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Monthly Archives: January 2011

this is an an atlantic tarpon. they are about 10 feet long. they eat big fish sometimes and small fish. they live in the atlantic ocean and in the open ocean. these fish are fast swimmers. they have a pretty good sense of smell. they live about 100′ below the ocean surface. they come up to the surface to feed. I think this fish is super cool. thanks for looking. Dylan

This is a blue marlin. It is usually found in the open ocean of the pacific ocean. The male fish is about 14 feet long and weighs nearly one ton. The female marlin fish is about 12 feet long and weighs about 1400 pounds. The reason it is called the blue marlin is because it has a blues black back. the blue marlin usually eats small fish like sardines and mackaral. it can eat large groups of small fish at once. These fish are popular for open ocean fishing. I think this fish is really cool.Thanks for looking. Dylan

This is a gulper eel. It is one of the most bizzare creatures in the ocean. It is about 10 feet long. It can swallow something as big as itself. Its mouth can open up about 1-2 feet, so it can swallow lots of fish at the same time, it can even swallow a snipe eel or bigger fish. It lives 5000-6500 feet below the surface of the ocean. It is usually black or dark green in color and sometimes has a white line or groove on either side of the dorsal fin. they have small teeth. Not much is known about the habitat of the Gulper eel. thank you for looking at this eel. Dylan

This is a Mauve Stinger. It is 5 – 12 feet in diamater. It is very poisionous to humans and other fish. they eat small fish and Moon Jellyfish. ¬†They stingers can grow to be 10-12 inches long. They live in the pacific ocean. As you can see it is very colorful. They are not a big species of Jellyfish. These Mauve Stingers live 100 feet to 200 feet down in the ocean. It has lights near the end of its body as you can see in the picture. It is Not the smallest jellyfish (the smallest is the box jellyfish) The Mauve Stinger has a unusually long stinger which most jellyfish don’t have. This Jellyfish has red spots near the top of its body. I thin this jellyfish is really cool. Thank you for looking at this fish. Dylan H

The viperfish is one of the most unusual-looking fish in the deep sea. It is also one of the most popular and well-known species. Known scientifically as Chauliodus sloani, it is one of the fiercest predators of the deep. This fish can be easily recognized by its large mouth and sharp, fang-like teeth. In fact, these fangs are so large that they will not fit inside the mouth. Instead, they curve back very close to the fish’s eyes. The viperfish is thought to use these sharp teeth to impale its victims by swimming at them at high speeds. The first vertebra, right behind the head, is actually designed to act as a shock absorber. This fearsome looking creature has a long dorsal spine that is tipped with a photophore, a light-producing organ. The viperfish uses this light organ to attract its prey through a process known as bioluminescence. By flashing the light on and off, it can be used like a fishing lure to attract smaller fish.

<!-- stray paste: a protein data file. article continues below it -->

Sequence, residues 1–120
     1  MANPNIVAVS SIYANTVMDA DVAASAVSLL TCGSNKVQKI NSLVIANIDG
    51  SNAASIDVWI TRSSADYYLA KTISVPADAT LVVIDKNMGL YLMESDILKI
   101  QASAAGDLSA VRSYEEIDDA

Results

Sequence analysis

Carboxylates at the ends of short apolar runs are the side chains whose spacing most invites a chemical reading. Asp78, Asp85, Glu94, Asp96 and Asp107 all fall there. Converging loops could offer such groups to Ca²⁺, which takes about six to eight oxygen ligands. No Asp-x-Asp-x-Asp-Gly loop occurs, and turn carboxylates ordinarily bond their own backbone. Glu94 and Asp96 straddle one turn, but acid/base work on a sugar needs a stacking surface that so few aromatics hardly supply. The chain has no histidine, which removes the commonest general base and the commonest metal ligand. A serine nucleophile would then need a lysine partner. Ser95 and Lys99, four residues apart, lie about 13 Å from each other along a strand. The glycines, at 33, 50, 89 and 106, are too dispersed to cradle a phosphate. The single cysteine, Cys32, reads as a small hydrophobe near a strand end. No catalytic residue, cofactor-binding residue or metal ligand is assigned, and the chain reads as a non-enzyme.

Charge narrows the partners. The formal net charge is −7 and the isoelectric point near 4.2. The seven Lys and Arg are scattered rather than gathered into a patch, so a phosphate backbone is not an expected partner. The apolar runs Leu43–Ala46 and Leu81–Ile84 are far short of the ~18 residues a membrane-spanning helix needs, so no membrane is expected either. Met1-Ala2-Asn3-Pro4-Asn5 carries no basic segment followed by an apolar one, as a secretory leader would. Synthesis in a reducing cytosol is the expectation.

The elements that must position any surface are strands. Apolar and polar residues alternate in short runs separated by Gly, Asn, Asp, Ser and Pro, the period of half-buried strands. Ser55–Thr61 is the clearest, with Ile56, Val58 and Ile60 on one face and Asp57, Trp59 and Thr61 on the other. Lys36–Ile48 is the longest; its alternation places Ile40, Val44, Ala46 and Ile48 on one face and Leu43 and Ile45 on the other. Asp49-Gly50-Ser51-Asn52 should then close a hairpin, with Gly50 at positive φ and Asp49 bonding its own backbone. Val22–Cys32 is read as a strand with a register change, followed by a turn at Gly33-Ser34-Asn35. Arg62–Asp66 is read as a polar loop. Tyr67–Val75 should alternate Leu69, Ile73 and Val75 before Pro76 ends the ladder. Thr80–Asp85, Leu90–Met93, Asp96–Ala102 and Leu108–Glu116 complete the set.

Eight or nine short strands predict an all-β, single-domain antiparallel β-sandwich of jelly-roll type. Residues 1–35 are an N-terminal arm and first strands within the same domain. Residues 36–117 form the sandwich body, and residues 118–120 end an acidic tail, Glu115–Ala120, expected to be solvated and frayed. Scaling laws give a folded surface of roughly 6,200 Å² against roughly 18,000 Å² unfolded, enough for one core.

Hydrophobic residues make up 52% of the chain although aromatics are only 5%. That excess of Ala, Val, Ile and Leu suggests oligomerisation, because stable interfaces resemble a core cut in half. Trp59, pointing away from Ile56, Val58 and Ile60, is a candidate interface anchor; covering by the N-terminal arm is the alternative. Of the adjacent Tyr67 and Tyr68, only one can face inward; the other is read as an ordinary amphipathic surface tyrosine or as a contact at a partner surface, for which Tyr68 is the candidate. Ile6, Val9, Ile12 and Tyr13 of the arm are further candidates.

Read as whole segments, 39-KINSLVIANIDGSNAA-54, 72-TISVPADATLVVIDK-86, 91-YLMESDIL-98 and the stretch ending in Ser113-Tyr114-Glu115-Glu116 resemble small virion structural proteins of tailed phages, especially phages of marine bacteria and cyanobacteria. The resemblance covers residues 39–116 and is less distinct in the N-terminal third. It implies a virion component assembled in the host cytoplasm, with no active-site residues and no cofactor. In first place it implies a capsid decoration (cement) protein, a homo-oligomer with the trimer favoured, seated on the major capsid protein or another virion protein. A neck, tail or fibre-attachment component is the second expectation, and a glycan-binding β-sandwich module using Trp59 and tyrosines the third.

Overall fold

Closeup of viperfish showing its large teeth
Closeup of viperfish showing its large teeth
(Image courtesy of Danté Fenolio)

In spite of its ferocious appearance, the viperfish is a relatively small animal, growing to about 11 or 12 inches (30 centimeters) in length. It is usually dark silvery blue in color, but its coloration can vary from green to silver or black. Although the main light organ is located at the end of the elongated dorsal fin ray, there are also several photophores located all along the side of the fish. These may help to camouflage the fish from predators lurking below. These lights make its bottom side appear to blend in with the extremely faint light filtering down from above. They may also serve to attract prey and communicate with potential mates or rivals.

The unusually large teeth of the viperfish help it to grab hold of its prey at it hunts in the darkness. Viperfish have been observed hanging motionless in the water, waving their lures over their heads like a fishing pole to attract their meals. They have a hinged skull, which can be rotated up for swallowing unusually large prey. They also have very large stomachs that allow them to stock up on food whenever it is plentiful. Viperfish feed primarily on crustaceans and small fish. Like many deep-sea creatures, they are known to migrate vertically throughout the day. During daytime hours they are usually found in deep water down to 5,000 feet (1,500 meters). At night they travel up to shallower waters at depths of less than 2,000 feet (600 meters) where food is more plentiful. Viperfish have a very low basal metabolic rate, which means they can go for days without food. This adaptation is likely a result of the scarce nature of food in the deep sea. Viperfish are known to be preyed upon by sharks and some species of dolphin.

Image of a viperfish; notice the light organ on top of the extended dorsal fin ray